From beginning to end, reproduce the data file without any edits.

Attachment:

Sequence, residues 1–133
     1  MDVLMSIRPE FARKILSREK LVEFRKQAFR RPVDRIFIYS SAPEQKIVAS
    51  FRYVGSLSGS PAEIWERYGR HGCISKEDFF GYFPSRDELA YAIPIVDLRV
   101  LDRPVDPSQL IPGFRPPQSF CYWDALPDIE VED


Sequence, residues 1–133
     1  MDVLMSIRPE FARKILSREK LVEFRKQAFR RPVDRIFIYS SAPEQKIVAS
    51  FRYVGSLSGS PAEIWERYGR HGCISKEDFF GYFPSRDELA YAIPIVDLRV
   101  LDRPVDPSQL IPGFRPPQSF CYWDALPDIE VED